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Genotyping embryos: Harnessing genomics at the earliest possible stage

Progressive Cattleman Writer Jaclyn Krymowski Published on 24 October 2017
Matt Barten biopsies embryos at his lab

Until recently, getting embryos genotyped was limited to the confines of university lab research. Embruon, founded by Matt Barten, is the first commercial facility of its kind that makes this technology available to the public.

Inspired beginnings

Barten was inspired to begin his company while doing embryonic work with his brothers at Bluestem Embryo Transfer Center, a company they founded. Some of their clients were having issues with developmental duplication in their animals.

“I saw they had good donors at the time that weren’t being used for assisted reproductive technologies anymore because they had one bad gene,” Barten says. “I saw an opportunity to maybe help them out.” With the ability to know the exact genotypic information at the earliest possible stage, problem animals can be identified and removed before the pregnancy even took place.

For Barten, who hails from a cow-calf operation in Kansas, his work is a way to marry his two loves of ranching and genetics. “I’ve always liked cattle, and I’ve always liked trying to pick the best genetics to breed animals to,” he says.

“I get to still be up to date on genetics, I get to have some wonderful conversations with the clients I have – I get to really help them out.”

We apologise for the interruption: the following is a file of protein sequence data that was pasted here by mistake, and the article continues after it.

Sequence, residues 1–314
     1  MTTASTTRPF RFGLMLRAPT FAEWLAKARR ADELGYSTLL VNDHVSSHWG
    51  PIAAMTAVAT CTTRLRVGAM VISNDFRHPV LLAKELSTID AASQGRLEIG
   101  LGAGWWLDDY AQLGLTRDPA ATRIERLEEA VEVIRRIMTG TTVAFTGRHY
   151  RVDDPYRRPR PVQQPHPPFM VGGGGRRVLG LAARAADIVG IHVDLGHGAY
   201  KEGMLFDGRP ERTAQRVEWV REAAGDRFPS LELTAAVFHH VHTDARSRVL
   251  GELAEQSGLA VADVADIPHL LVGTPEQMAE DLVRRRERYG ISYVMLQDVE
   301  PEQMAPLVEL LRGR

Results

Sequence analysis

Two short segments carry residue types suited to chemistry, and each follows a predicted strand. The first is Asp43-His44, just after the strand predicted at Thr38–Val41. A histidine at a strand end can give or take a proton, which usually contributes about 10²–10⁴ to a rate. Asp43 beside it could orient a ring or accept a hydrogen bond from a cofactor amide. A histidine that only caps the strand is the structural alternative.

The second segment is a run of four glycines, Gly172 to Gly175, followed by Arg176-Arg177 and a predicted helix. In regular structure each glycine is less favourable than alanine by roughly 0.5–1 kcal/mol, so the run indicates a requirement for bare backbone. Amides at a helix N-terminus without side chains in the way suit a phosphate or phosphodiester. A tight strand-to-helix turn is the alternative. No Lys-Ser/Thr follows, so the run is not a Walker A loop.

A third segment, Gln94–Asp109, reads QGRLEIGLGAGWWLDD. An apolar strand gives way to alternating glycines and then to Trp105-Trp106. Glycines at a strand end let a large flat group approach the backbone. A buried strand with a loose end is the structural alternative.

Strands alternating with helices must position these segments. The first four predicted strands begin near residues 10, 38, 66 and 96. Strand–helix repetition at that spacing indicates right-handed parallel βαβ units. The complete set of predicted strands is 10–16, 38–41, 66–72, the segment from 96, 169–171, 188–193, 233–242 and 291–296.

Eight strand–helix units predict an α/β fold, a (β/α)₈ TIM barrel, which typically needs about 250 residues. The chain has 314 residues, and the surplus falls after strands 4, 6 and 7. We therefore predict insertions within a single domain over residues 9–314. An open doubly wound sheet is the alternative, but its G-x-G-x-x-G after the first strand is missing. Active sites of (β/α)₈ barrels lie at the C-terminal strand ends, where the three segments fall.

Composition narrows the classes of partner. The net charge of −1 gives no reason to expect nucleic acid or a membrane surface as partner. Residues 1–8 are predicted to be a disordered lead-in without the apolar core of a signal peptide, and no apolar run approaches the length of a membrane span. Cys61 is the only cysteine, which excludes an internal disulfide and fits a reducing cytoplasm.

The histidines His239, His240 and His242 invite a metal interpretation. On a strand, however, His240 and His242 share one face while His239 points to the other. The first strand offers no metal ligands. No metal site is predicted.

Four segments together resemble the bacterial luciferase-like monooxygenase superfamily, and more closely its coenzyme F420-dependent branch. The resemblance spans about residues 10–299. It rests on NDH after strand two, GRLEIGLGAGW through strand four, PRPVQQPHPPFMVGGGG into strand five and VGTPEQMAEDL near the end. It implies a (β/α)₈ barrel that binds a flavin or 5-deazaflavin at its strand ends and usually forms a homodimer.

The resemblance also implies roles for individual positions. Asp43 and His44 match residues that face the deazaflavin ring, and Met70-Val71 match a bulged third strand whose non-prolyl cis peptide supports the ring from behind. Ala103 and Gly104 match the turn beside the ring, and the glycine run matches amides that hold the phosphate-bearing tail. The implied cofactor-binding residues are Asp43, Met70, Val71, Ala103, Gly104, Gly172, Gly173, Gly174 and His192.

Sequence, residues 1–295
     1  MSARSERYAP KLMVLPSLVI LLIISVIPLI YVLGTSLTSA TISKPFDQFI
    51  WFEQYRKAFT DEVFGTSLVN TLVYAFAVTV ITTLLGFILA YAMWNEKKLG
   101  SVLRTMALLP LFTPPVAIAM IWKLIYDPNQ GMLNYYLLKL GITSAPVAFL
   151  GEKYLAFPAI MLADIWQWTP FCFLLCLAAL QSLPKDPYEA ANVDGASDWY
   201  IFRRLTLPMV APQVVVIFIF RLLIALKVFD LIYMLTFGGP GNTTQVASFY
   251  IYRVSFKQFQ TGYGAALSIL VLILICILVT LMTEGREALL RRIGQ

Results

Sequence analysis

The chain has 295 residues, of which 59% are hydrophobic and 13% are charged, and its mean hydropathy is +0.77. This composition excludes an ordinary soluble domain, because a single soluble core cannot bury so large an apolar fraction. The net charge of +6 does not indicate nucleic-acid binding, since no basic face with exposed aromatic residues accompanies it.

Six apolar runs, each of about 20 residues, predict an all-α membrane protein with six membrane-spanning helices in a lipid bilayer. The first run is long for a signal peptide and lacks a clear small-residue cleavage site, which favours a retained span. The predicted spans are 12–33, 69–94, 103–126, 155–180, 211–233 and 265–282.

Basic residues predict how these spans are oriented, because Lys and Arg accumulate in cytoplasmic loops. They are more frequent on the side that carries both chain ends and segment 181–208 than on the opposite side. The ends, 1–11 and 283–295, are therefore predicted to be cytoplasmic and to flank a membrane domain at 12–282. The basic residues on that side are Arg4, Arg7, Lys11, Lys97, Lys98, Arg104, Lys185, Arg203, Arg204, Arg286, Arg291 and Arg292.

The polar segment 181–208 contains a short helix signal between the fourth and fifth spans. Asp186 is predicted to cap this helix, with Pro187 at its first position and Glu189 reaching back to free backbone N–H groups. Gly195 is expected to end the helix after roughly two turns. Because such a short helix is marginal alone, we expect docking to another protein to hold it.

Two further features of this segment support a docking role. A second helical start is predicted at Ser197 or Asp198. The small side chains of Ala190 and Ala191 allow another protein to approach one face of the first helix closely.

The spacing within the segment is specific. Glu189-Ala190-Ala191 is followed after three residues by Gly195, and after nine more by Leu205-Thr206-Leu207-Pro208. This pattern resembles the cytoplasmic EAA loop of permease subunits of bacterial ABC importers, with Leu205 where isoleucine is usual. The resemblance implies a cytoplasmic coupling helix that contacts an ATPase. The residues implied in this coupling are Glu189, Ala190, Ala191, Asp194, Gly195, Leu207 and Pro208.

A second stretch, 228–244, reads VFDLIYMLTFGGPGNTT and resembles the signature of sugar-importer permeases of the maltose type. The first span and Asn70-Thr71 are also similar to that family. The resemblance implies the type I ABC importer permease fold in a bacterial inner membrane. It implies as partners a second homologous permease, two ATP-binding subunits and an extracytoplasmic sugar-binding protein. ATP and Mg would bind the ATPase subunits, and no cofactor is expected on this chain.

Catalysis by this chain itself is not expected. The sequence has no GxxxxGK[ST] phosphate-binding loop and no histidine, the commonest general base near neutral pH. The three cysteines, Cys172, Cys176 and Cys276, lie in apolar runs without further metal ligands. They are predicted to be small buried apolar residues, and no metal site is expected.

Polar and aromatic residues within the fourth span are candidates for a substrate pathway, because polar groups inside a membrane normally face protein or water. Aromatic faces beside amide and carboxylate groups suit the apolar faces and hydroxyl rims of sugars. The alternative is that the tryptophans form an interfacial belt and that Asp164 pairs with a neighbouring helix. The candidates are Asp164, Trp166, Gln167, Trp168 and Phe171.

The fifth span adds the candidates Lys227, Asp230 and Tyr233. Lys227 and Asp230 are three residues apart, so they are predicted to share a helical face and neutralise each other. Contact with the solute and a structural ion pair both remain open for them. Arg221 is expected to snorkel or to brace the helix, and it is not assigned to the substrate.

Embruon works in collaboration with NeoGen’s GeneSeek. Barten has the embryos biopsied at his facility in Salina, Kansas. The resulting cells are sent to GeneSeek where the DNA is extracted and then amplified until it is sufficient for genotyping, a process that takes four to five days.

A biopsied cell has been removed from the embryo

“The concept of taking an embryo biopsy … to be able to get an estimate of genetic merit is a very natural extension of the work we do every day,” says Dr. Stewart Bauck, general manager at GeneSeek. The partnership is essential to the success of both parties meeting the needs of individual producers.

A battle of odds

Getting an embryo through collection, biopsy, healing – and successfully transferred – isn’t an easy process. “That’s one thing I’ve learned is patience,” says Barten. “This stuff is really hard. It takes longer than you think it should. But to do it well, to do it the right way, is going to take some time.”

Clients can collect embryos 24 hours early and ship them overnight to Salina in a culture media. When they arrive, they wait for the optimal time to conduct a successful biopsy. “We don’t biopsy a group of embryos just because they’re in front of us,” Barten says. “We try to biopsy when the timing matches the embryo best.”

After biopsying, the embryos need time to properly heal or “anneal” as the self-repair process is called. They do their best to mold the process around the embryo so it has its best chance to heal and grow into a viable calf. “Genomics is great,” he adds. “But if it doesn’t make a pregnancy at the end, it’s not worth it.”

Post-biopsy, the embryo is annealing or self-reparing

With all the work involved, you want to maximize the odds of success to the fullest possible extent. Barten utilizes a risk analysis model that generates an overview of IVF and embryo transfer programs using a stochastic simulation. This extra step helps account for the biological uncertainty that comes with reproduction.

The model was developed by Dustin Aherin, a recent graduate of Kansas State who is working towards his doctorate. “The idea behind this model is that all these variables can be changed based on a specific scenario or program or historical situation you may have,” says Aherin. “You can make individualized scenarios to see how one strategy might change its results from one operation to the next.”

Similar systems are already used in other industries, and Aherin points to the delay in livestock due to the complexity of biologic variability. Taking a computerized approach to a difficult concept, he explains, is powerful because it’s easier to understand than complicated handwritten math.